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Power crisis: Stakeholders resolve to end blame game

Promise improved electricity supply 

By Chris Ochayi

ABUJA— Major stakeholders in the country’s power sector, yesterday, resolved to put the blame game behind and start appropriate action that will build robust synergy towards delivering improved electricity to the people.

The one-day workshop, which was convened at the instance of the Market Operator, MO, of the Transmission Company of Nigeria, TCN, in Abuja, had in attendance, Transmission Services Provider, TSP; System Operator, SO; Market Operator, MO; Generation Company of Nigeria, GENCOs; Distribution Companies, DISCOs; Nigerian Electricity Regulatory Commission, NERC; Nigerian Bulk Electricity Trader, NBET, and other critical stakeholders.

In his opening remarks at the workshop, Managing Director of Transmission Company of Nigeria, TCN, Mr. Gur Mohammed, said the seminar was organised to resolve the issue of blame game that hitherto characterised the operations of the stakeholders in electricity value chains of the power sector.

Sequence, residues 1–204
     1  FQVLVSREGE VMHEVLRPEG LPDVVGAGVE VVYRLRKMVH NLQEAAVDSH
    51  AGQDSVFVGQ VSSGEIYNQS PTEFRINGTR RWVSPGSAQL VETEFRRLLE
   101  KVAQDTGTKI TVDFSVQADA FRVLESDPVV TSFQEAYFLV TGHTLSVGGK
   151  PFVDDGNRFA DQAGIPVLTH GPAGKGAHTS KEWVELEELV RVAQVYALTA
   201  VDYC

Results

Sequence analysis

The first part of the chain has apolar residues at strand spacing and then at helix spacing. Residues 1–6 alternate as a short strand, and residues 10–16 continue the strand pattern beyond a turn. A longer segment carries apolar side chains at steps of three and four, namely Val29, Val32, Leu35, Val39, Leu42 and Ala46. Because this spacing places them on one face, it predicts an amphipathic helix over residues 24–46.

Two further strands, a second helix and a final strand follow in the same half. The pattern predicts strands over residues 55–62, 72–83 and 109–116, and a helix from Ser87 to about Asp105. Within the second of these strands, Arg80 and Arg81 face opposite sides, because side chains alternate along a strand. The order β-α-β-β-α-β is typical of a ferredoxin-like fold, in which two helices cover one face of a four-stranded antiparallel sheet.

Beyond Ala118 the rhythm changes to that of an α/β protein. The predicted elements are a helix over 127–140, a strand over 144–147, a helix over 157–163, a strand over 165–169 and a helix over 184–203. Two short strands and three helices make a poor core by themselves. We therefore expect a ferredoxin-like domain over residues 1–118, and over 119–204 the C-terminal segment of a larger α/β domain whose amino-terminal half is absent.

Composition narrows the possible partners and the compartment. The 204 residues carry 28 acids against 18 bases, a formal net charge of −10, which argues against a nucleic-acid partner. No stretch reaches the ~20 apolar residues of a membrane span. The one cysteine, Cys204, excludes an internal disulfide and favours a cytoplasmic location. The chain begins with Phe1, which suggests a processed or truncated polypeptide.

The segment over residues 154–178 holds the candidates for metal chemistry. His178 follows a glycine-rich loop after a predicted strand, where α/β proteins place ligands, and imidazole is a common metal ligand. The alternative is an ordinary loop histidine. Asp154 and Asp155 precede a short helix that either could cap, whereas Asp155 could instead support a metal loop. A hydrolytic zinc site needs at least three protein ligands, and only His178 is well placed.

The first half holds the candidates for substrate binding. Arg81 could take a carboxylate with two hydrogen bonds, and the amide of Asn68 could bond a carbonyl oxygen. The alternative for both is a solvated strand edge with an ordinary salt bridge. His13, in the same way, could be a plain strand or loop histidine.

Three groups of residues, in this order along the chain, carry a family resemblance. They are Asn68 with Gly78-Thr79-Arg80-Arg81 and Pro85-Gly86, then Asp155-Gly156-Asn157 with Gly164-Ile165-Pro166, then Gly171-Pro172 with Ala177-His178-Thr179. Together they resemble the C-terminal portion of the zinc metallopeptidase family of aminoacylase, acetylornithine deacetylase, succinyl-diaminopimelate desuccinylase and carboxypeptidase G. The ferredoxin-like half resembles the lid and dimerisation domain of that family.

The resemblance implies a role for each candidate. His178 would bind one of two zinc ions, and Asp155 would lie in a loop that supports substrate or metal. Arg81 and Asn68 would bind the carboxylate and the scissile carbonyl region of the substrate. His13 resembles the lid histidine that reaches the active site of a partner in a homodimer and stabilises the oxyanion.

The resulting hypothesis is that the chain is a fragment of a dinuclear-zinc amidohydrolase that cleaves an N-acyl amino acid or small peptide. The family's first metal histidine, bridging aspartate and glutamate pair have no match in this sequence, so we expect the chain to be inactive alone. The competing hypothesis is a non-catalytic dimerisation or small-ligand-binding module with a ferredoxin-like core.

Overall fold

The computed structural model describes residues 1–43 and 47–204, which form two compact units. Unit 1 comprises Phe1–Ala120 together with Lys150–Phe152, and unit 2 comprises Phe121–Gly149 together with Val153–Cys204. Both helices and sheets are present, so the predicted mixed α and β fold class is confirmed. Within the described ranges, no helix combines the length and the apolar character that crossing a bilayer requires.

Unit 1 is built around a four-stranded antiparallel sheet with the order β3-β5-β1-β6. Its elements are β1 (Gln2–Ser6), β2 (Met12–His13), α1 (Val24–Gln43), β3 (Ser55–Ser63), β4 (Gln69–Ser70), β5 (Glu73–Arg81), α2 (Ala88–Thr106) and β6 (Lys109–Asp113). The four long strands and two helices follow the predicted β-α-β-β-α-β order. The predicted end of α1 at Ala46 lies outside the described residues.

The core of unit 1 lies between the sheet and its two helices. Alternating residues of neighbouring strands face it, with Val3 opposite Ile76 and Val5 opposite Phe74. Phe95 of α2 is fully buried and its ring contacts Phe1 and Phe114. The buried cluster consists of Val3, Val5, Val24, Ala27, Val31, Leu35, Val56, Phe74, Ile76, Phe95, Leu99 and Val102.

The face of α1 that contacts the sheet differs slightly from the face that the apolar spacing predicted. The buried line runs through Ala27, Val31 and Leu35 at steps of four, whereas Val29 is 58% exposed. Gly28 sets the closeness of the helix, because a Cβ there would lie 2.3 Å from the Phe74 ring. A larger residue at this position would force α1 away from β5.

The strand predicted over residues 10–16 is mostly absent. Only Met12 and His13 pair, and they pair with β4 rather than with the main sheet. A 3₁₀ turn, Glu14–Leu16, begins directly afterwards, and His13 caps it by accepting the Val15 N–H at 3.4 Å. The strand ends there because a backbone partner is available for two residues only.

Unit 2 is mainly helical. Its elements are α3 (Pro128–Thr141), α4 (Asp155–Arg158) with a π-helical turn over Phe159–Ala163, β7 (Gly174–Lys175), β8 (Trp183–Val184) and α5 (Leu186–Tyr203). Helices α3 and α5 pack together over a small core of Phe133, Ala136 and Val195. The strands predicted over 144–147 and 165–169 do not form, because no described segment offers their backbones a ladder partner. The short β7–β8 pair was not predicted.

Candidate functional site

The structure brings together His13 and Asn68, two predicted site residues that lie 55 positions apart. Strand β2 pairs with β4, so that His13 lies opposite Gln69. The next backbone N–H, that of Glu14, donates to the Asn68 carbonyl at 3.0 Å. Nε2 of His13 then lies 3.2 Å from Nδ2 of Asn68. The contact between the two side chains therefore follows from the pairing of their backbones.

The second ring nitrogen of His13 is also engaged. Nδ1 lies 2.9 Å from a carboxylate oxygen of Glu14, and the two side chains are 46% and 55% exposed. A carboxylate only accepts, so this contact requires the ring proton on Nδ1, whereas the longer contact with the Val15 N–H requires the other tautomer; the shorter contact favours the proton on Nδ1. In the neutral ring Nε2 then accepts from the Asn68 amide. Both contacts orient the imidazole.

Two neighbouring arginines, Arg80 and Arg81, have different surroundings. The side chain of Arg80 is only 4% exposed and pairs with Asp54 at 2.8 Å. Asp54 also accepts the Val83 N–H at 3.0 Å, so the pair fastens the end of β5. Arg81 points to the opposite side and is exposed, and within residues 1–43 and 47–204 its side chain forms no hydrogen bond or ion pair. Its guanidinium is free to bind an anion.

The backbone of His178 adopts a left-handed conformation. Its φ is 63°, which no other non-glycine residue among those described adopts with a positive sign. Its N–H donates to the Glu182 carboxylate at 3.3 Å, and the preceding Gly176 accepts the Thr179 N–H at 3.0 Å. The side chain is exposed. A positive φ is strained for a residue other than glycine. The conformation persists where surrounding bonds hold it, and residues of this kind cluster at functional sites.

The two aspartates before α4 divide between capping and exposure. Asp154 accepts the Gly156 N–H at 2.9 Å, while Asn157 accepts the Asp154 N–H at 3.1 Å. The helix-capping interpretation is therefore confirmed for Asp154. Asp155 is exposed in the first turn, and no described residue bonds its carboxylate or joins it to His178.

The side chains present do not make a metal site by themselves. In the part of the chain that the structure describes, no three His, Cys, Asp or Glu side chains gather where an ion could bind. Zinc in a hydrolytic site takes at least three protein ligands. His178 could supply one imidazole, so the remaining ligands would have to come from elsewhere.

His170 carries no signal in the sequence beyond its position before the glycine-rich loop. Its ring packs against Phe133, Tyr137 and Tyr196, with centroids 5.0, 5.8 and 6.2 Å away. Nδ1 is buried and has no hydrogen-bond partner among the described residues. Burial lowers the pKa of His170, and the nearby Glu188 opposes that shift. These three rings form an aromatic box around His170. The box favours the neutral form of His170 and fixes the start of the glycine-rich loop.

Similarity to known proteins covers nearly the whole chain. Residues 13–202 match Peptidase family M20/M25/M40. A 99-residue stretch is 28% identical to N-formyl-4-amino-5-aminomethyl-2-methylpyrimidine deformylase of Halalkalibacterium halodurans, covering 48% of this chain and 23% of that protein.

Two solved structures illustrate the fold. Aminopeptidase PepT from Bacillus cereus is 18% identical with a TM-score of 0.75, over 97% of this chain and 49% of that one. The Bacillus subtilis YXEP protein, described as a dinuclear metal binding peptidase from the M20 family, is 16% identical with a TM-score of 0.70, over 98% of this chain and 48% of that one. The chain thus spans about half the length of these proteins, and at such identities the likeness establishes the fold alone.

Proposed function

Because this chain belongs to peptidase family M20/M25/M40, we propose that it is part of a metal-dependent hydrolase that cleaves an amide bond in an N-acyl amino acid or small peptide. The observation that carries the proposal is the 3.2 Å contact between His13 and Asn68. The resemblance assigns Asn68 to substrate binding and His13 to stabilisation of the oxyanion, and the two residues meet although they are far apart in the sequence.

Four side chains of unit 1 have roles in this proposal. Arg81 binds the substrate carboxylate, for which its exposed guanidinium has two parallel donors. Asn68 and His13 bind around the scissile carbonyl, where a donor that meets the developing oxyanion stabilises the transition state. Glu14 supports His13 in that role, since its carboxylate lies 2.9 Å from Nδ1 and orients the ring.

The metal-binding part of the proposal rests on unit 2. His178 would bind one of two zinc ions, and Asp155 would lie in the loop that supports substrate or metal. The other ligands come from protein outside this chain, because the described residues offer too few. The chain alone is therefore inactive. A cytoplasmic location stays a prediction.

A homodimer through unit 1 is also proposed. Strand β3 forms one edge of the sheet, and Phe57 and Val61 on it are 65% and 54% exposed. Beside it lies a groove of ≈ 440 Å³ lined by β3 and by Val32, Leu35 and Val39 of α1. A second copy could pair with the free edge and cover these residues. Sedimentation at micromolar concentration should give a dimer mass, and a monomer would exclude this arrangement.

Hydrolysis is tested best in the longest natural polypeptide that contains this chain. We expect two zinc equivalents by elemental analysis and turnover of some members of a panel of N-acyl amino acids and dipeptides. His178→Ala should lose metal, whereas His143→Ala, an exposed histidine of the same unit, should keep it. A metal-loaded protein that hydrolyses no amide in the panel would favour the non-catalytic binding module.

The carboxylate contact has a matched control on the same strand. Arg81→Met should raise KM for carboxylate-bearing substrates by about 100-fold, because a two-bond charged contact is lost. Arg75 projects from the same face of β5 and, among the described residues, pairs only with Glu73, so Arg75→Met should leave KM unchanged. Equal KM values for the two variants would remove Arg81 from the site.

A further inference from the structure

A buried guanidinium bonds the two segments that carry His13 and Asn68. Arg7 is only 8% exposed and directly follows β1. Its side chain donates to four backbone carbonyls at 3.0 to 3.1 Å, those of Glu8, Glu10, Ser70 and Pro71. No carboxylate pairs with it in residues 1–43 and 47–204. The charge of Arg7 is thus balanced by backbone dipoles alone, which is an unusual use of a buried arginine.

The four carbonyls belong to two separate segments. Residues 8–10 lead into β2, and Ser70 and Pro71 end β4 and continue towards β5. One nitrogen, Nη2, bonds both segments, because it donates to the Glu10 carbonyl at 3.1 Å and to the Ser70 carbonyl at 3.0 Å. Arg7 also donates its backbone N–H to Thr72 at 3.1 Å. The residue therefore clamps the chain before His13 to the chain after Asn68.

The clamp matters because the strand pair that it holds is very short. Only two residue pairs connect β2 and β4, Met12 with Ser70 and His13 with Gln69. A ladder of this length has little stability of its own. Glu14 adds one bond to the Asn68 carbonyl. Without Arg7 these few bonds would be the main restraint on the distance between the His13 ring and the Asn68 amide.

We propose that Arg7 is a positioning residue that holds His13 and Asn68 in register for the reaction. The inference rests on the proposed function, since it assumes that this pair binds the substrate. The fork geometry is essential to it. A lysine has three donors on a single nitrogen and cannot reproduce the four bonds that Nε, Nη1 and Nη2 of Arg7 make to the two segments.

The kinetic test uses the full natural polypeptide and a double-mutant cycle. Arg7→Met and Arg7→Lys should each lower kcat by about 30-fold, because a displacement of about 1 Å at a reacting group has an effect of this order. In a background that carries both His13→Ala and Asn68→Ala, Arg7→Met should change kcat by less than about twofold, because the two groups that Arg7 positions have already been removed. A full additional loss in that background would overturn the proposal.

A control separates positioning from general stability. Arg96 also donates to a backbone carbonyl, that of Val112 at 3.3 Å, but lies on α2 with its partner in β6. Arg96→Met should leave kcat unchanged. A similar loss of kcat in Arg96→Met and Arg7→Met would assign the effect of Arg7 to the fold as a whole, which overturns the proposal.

Mohammed, who was represented by Executive Director, Finance and Account at TCN, Mr. Sony Iruoche, however, agreed that more efforts should be put in to strengthen the operations of DISCOs.

He said: “When you get the DISCOs networks right and everything perfectly in place, then you can recoup investments in the power sector. We have decided at this seminar to stop the blame game. There is a value chain in the system we have to maintain. Like I said in my speech, we are as strong as weakest part of the value chain.”

He noted that  the management of TCN had set up a committee to review the Supervisory Control and Data Acquisition, SCADA, for the company.  SCADA is an advance computerised system used in monitoring transmission line.

According to him, “we have attempted to have SCADA during the time of Manitoba but that was a disaster. So, the management of TCN has embarked on SCADA , which will be funded by international development partners like World Bank.”

In his address, Executive Director of Market Operator, Moshood Saleeman, described power as the most volatile commodity in the world.

He said even in the developed countries, such as United Kingdom, China, etc, they still have their share of problems concerning supply of electric power to their citizenry.


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